A JURY is considering its verdict in the trial of a man accused of murder in a County Durham village.

Richard Lee, from Sacriston, between Chester-le-Street and Durham, is accused of the murder of 25-year-old Ryan Thompson, who died after being stabbed on September 1 last year.

On the night in question, Mr Lee, also 25, was armed with a large kitchen knife, which he claims he grabbed to tackle burglars who were breaking into Mr Thompson’s garage in Gregson Street, Sacriston.

The court has heard masked men were trying to steal motorbikes from the garage, but Mr Lee, who heard the commotion while having a cigarette at the back door of his girlfriend’s house in Gregson Street, stopped them from taking two of the machines after confronting them.

Mr Thompson arrived on the scene while Mr Lee was in possession of one of the bikes in the street’s back lane.

The court heard he “got the wrong end of the stick” and thought Mr Lee was trying to steal the bike, and threw a punch at him after getting out of a car, which was being driven by his girlfriend.

John Elvidge, QC, prosecuting told the court the positions then turned, with Mr Lee becoming the aggressor and stabbing Mr Thompson.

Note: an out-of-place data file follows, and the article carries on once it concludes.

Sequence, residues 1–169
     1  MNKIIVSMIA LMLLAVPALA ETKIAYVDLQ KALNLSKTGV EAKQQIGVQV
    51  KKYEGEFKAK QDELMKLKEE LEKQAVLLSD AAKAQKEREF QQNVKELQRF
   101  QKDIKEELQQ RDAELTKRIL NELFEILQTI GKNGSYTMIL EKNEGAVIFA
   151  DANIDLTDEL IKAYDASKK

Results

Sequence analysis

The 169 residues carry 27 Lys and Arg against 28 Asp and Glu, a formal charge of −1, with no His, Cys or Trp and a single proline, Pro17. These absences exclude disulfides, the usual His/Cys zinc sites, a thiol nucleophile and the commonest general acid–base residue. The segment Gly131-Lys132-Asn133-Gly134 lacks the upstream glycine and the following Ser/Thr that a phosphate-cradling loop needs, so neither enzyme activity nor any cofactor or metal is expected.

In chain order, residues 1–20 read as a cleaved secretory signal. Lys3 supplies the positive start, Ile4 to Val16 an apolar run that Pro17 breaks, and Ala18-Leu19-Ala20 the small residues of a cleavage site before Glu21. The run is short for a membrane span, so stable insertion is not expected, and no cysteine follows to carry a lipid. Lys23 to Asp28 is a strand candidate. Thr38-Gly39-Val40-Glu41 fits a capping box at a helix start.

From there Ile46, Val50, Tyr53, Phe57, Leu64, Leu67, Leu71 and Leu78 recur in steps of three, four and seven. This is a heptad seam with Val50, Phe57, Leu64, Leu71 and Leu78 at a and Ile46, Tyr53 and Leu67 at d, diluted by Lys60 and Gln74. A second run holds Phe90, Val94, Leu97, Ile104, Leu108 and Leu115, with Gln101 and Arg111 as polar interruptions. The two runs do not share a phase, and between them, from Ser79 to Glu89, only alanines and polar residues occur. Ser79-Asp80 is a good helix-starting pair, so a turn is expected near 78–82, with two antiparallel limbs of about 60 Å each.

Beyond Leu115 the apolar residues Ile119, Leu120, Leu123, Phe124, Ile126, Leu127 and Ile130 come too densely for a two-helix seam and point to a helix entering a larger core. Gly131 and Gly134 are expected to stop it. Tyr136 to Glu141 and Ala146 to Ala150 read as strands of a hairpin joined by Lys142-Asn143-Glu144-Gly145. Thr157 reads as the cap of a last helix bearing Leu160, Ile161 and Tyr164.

Prior to the stabbing, which happened just before 11pm, Mr Lee, who had drunk six or seven pints that evening and had taken cocaine, was described by witnesses as being “pumped” and was said to have been shouting that he “ruled the street” and was going to stab someone.

Mr Elvidge said: “He made multiple stabbing motions, multiple times.

“He was a wildly aggressive young man, a danger to anyone who got in his way.

“He got into the mindset that he would be using that knife in any confrontation and he did.”

But Chris Henley, defending Mr Lee, said he had taken the knife “to scare” the burglars and did not intend to use it.

Mr Lee denied shouting he was going to stab anyone and described his waving of the knife, which was captured by CCTV, as "stupid".

Mr Henley said: “He’s trying to do the right thing. He’s spoken to his girlfriend and asked her to call Ryan and he’s stopped them from stealing his friend’s bikes.

“Then it all goes horribly, horribly wrong.

“He thinks he’s going to get a pat on the back and he gets a punch in the face.”

Mr Elvidge told jurors at Newcastle Crown Court that Mr Lee had exaggerated the strength of his relationship with Mr Thompson in a bid to convince them that he would not intend to do him serious harm.

When giving evidence on Tuesday, Mr Lee told the court he was “close friends” with the victim, whom he had gone to school with, and had socialised with.

Mr Lee, of Viola Crescent, denies murder and possession of an offensive weapon.

The trial continues.